According to Howe (2008) 'relationship established practice is when relationship-gifted employees are interpersonally skilled and they make the most effective and human being practitioners, if the basis of their practice is behavioural, cognitive, process orientated, psychodynamic or person-centred'. Additionally, Trevithick (2003) argues 'relationship-based practice reaches the center of cultural work'. I thought working with Sam in a crisis intervention enabled me to engage with her as I aimed to lessen her stress by conversing effectively the next steps and wide open and honest with the length of time she would be able to are living at the accommodation the firm provided her with. I used to be genuine with her in conditions of stating what the company could provide her with and what resources were available. For instance, Sam needed a pram, so we organised one for her and I reminded the support employee to drop this item off at the house as she got access to a vehicle. I also made her aware of the challenges she may face by living independently after the Social Services office provide her with an examination and when accepted, I reviewed the benefits that may be available to her, so she was aware of the procedure. This exhibited significant levels of emotional intelligence, this means, "having self-awareness, psychological resilience, inspiration of self also to instil in others. In addition, it recognises the skill to own empathy and sensitivity, to be conscientious and intuitive regarding decision-making and to know how affects and building up rapport with service users are essential" (Goleman, 1996, p. 2).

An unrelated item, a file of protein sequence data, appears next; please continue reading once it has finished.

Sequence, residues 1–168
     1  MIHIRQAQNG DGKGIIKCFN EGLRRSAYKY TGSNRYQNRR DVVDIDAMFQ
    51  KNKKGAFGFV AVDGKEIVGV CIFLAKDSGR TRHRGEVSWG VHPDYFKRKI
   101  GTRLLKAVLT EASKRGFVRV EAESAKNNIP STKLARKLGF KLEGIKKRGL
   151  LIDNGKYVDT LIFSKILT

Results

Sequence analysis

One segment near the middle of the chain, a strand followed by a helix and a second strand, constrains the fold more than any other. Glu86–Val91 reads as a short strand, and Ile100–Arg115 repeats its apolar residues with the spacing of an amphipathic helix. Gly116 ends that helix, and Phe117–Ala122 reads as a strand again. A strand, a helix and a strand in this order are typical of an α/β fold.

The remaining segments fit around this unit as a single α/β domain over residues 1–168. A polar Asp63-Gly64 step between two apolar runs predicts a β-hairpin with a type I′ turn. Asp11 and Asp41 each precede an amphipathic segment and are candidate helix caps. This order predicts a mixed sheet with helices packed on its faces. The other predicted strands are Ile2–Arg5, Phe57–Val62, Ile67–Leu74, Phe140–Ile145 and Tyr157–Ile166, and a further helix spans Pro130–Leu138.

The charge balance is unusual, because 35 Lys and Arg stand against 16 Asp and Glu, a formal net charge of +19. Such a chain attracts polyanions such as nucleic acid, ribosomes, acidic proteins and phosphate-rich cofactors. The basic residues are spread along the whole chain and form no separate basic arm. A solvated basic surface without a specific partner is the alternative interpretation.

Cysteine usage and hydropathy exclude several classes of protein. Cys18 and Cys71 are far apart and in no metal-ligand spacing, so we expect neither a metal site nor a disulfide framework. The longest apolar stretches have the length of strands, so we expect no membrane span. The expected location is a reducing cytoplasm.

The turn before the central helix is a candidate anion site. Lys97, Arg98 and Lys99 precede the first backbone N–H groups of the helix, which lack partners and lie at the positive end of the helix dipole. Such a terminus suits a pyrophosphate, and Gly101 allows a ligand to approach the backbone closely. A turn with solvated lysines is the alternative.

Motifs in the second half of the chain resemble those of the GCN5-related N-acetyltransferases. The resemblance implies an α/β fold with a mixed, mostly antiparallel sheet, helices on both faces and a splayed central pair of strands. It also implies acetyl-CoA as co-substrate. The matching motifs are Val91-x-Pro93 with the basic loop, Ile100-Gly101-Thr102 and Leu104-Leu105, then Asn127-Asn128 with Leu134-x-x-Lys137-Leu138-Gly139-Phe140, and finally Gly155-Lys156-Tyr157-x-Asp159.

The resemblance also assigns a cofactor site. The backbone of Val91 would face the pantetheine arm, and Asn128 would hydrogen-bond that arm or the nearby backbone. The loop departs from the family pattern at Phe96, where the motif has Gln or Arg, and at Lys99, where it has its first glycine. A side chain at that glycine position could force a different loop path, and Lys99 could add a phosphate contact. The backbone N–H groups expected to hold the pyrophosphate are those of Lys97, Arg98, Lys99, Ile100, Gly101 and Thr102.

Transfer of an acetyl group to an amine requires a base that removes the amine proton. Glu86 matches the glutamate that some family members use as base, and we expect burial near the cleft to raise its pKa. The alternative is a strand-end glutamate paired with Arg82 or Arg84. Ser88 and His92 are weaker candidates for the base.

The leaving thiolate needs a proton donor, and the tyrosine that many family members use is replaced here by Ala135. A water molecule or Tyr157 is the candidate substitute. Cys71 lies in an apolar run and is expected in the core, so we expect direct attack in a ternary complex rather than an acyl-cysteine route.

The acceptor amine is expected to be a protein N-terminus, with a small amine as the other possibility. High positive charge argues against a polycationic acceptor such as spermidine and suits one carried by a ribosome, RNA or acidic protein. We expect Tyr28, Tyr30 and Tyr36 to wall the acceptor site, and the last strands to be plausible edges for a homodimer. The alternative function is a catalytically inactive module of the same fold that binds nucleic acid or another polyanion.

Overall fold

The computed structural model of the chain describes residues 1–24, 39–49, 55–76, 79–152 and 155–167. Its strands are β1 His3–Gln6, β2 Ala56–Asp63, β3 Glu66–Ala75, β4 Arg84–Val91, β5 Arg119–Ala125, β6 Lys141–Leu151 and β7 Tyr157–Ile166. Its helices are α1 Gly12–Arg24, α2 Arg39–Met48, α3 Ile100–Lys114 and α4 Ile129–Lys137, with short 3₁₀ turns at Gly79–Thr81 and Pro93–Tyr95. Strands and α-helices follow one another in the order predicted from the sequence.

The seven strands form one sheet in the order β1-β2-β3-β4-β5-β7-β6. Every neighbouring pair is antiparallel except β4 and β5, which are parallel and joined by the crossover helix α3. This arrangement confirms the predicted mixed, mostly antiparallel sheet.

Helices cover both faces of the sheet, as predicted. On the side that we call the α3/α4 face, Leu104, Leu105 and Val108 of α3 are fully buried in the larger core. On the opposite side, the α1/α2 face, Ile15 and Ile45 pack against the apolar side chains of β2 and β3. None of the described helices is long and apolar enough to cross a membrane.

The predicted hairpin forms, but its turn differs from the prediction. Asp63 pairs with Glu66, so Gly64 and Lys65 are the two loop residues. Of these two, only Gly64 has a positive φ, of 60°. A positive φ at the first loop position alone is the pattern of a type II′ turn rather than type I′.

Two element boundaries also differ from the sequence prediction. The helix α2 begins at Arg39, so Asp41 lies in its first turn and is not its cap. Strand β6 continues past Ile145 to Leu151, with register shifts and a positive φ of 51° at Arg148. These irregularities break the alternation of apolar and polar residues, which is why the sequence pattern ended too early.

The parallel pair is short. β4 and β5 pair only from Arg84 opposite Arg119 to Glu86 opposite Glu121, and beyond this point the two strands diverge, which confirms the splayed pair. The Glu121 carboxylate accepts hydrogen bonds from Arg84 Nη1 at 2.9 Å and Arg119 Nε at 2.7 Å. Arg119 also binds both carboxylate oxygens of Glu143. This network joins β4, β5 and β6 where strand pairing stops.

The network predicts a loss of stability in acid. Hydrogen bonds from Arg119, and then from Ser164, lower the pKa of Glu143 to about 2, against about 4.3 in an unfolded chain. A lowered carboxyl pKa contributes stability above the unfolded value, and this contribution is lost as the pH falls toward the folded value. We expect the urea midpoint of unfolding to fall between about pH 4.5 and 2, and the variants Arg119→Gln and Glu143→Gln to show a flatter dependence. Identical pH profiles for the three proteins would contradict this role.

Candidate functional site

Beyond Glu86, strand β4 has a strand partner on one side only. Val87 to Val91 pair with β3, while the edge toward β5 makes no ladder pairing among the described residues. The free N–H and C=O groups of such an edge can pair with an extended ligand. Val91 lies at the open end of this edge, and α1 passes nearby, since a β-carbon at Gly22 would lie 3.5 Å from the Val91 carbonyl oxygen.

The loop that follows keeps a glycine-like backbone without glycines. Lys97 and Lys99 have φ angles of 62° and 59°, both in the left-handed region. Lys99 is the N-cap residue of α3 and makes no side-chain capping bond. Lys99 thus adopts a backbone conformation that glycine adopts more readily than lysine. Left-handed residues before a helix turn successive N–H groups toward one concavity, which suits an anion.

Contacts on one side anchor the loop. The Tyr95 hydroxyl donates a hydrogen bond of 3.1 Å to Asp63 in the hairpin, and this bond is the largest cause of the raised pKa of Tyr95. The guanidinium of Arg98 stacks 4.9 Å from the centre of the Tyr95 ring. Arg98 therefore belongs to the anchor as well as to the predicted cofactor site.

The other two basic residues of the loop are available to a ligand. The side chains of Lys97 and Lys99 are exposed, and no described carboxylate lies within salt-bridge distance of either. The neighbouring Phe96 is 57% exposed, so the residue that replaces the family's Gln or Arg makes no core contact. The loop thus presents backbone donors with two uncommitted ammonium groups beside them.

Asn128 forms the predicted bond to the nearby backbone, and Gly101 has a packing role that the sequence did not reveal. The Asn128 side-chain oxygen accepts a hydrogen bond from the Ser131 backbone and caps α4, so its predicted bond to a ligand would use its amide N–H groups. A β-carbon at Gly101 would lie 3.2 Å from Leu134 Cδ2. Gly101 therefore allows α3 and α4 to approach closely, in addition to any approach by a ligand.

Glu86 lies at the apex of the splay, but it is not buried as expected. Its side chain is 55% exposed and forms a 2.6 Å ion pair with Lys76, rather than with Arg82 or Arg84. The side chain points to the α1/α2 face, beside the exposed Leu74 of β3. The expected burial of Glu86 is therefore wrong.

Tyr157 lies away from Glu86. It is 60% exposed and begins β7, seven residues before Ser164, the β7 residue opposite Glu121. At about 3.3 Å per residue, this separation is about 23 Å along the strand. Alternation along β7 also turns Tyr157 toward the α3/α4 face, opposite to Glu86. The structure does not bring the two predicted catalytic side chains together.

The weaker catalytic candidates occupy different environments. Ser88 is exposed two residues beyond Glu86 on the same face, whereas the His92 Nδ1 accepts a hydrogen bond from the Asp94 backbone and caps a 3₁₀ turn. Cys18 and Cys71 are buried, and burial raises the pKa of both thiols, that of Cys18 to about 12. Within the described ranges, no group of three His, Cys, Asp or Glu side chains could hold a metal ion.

As cited in the Uk Journal of Social Work, it also underpins requirements for experts "to develop and keep maintaining effective working associations, to have the ability to reflect on my own background experience and practice which may impact on the relationship" (Morrison, 2007, p. 2). For instance, recognising to self-disclose about my own independency only once it was necessary as I did so not need to task or share my own values pointless as Sam's circumstances were unique to her and I realized that I could empathise with her however, only she'd know how she feels in this example. We reviewed her emotions and she stated she was concerned about herself and her princess, so I reassured her by getting in touch with the caseworker who got made the session with the interpersonal services for an analysis also to re-confirm when this might be conducted to be able to see if she actually is qualified to receive the resources available. I explained the steps to Sam, and she understood. She portrayed her gratitude to myself and the agency.